the significant health and environmental benefits, including fewer
cases of respiratory diseases and premature deaths
avoided annually resulting from improved air quality, generated by a
Mediterranean SECA, could outweigh the overall costs.
The REMPEC study will be reviewed by a committee of technical
experts from Mediterranean countries and the European Union. Further discussion
will then take place during a regional workshop at REMPEC’s Malta headquarters
A workshop for Turkish government
and industry officials is set to boost the country’s ability to ratify and enforce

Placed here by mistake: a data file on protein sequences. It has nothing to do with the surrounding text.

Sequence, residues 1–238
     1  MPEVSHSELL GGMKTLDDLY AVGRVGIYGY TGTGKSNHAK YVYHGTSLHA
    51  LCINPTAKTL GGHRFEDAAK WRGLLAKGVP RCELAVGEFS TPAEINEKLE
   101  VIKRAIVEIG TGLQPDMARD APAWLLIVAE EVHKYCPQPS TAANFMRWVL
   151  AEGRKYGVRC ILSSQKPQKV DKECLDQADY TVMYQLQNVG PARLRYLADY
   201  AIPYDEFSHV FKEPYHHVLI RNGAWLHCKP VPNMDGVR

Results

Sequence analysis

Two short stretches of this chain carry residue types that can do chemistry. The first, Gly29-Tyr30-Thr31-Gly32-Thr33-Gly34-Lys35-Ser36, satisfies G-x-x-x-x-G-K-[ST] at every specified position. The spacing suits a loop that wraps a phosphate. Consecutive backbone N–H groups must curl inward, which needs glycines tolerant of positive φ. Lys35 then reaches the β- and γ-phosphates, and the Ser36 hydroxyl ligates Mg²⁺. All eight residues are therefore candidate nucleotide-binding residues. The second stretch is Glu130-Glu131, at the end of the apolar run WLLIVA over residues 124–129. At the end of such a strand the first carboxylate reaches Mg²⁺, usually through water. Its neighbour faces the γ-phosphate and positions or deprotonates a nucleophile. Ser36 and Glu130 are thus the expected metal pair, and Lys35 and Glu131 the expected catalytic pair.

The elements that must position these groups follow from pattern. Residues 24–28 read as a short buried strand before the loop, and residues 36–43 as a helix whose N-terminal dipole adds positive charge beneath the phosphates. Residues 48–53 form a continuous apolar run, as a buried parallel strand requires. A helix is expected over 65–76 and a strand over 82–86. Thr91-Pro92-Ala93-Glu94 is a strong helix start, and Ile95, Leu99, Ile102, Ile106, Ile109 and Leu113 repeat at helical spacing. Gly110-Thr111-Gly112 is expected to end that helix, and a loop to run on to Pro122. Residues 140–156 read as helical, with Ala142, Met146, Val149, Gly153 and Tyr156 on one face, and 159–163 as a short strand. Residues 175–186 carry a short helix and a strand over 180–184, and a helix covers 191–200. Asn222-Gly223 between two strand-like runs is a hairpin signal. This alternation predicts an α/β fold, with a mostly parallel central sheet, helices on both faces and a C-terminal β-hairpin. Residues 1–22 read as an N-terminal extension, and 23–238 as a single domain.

IMO’s liability and compensation regime*. The event is taking place at the
University of Ankara (22-26 October) as
part of the master programme at the Ankara University Research Center of the
Sea and Maritime Law. It is focused on the specific requirements for each convention
in order for them to be enacted fully into national law.
The regime covers issues such as
pollution incidents, wreck removal, carriage of passengers and luggage –
providing vital protection in the event of a maritime incident. Countries need
to ratify and implement rules and regulations in order for them to be
Participants include representatives
Ministry of Transport, Turkish Naval Forces and national shipowners’
associations. The workshop consists of guest-lectures
by IMO, in cooperation with the International Group of P&I
* including treaties covering wreck removal, salvage, carriage of hazardous and noxious substances, passengers, CLC, Fund, Bunkers Convention and limitation of